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Skipper Sinfield sets the standards

Paul Fletcher | 23:48 UK time, Saturday, 10 October 2009

At Old Trafford.

Leeds skipper Kevin Sinfield was a man in demand on Saturday night.

Signing autographs, giving interviews, collecting trophies - it took him a long time before he finally reached the Leeds Rhinos dressing room after their third successive Grand Final victory over St Helens.

Most of his team-mates had already changed (England captain Jamie Peacock was in the shower area apparently applying false tan), but Sinfield did not appear to be in a rush.

After exchanging some banter with a few of his team-mates, the 29-year-old took a moment to look at the Harry Sunderland Trophy he had won as the Man of the Match and then took his boots off. As he did so he lifted one up and kissed it.

Not only was it an unusually expressive gesture for a player who keeps a tight rein on his emotions, it was also extraordinarily symbolic.

Sinfield poses with the Super League trophy with coach Brian McClennanSinfield poses with the Super League trophy at Old Trafford

It was the Leeds kicking game that was the foundation of their 18-10 victory. The damage had been done with the boot, not out of the hand.

Time and time again at an atmospheric Old Trafford, St Helens had been turned around by Leeds' devastating kicking game - and Sinfield was at its very heart.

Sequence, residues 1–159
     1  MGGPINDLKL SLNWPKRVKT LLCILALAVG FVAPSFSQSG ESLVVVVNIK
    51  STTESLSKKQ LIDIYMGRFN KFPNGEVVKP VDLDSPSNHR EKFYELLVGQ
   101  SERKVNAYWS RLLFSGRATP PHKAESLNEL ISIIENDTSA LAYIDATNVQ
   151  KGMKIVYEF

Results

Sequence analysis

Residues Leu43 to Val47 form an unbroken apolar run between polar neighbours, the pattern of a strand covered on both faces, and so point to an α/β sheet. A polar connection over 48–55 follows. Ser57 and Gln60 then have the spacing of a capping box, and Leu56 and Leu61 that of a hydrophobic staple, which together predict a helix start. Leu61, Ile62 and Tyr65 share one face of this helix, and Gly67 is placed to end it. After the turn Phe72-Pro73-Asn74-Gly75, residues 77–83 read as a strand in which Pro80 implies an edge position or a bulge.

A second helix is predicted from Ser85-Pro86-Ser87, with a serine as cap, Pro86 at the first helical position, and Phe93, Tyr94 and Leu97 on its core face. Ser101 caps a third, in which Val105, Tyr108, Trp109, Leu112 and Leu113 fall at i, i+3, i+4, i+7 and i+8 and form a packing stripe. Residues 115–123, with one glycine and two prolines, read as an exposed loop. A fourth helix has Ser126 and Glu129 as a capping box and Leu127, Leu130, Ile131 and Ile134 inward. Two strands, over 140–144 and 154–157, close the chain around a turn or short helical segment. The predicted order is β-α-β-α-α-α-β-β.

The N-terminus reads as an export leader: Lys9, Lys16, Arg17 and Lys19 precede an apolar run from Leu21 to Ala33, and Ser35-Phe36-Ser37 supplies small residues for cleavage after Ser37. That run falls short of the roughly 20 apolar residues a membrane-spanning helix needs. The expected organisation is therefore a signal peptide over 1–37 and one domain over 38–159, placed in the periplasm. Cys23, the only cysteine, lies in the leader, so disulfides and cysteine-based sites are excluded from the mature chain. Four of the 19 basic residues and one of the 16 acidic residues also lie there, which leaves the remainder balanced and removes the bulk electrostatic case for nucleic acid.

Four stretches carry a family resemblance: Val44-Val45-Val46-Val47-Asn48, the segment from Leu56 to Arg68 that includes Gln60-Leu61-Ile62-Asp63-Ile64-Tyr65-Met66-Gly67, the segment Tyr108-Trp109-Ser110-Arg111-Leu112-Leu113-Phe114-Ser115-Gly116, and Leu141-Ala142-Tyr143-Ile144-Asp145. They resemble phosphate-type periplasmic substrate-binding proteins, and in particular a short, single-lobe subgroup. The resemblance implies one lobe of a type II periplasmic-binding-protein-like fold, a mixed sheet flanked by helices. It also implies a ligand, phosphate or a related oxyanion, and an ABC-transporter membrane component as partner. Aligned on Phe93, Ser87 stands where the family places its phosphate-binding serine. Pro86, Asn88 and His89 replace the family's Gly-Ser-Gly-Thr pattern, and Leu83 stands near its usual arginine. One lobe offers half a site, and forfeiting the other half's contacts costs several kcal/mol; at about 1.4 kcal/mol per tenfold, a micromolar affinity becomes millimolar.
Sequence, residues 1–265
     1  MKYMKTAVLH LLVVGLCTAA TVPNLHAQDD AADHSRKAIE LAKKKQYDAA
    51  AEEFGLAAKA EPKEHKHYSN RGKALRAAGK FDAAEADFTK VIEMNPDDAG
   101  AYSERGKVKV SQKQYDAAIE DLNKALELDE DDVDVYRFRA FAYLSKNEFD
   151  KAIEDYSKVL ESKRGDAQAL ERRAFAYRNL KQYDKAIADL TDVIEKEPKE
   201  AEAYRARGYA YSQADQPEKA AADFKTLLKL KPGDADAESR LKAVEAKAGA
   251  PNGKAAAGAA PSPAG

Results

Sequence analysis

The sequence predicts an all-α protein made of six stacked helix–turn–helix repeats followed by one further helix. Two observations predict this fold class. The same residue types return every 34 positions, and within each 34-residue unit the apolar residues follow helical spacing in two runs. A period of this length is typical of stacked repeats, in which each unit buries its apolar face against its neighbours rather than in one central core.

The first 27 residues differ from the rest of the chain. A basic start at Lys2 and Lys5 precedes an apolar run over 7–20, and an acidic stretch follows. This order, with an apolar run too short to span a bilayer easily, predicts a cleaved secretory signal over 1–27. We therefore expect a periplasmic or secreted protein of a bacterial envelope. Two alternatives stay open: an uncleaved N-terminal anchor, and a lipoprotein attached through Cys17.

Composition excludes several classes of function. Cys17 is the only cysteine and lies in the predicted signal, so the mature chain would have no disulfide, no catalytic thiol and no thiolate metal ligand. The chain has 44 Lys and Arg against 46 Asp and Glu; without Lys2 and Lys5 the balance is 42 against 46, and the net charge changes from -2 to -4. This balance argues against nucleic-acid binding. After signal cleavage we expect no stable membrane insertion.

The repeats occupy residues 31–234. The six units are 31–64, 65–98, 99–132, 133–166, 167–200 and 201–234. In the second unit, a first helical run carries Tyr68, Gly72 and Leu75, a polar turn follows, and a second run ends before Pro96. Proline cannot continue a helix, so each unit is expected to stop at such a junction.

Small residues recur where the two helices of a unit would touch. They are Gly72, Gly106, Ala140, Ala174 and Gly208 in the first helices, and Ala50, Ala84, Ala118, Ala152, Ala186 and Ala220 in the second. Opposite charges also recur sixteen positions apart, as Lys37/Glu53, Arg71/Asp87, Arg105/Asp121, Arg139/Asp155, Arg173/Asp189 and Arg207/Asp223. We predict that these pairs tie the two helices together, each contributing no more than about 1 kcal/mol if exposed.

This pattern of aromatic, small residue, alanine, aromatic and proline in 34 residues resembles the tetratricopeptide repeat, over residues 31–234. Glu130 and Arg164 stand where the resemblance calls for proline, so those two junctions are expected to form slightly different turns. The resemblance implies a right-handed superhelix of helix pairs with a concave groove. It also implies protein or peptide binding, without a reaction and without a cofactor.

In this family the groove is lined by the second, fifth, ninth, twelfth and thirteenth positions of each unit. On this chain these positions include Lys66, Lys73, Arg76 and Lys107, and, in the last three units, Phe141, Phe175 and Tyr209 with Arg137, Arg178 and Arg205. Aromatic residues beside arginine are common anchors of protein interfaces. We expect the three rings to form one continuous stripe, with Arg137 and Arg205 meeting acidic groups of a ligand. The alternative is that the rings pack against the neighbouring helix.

Saints trailed by just one point when another Leeds kick was aimed deep into their territory with 10 minutes left.

It was a moment for St Helens to show all the urgency and desire they had left to offer but it was clear for all to see that they were out on their feet.

Fatigue induces errors. Moments later Matt Gidley threw a forward pass from the play-the-ball. Within minutes Lee Smith, aided, it has to be said, by yet another error from Saints winger Francis Meli, had scored the game-winning try for Leeds.

Saints had been kicked into submission - and Sinfield, along with Danny McGuire and Rob Burrow had done the damage.

St Helens second-rower Jon Wilkin was candid enough to admit that it was not the first time his team had failed to counter the kicking game of Leeds - of the Rhinos' ability to complete an otherwise unspectacular set with a long kick that boomed downfield or a grubber that asked serious questions of the Saints' defensive line.

Some people will point to the decision of video referee Phil Bentham to award Smith his decisive second score on what was his final appearance for the Rhinos before his move to union side Wasps.

I thought Smith was offside when McGuire kicked the ball through - but to suggest that is the reason St Helens lost is to miss the point. The damage done by the Leeds kicking game had made it a question of when, not if.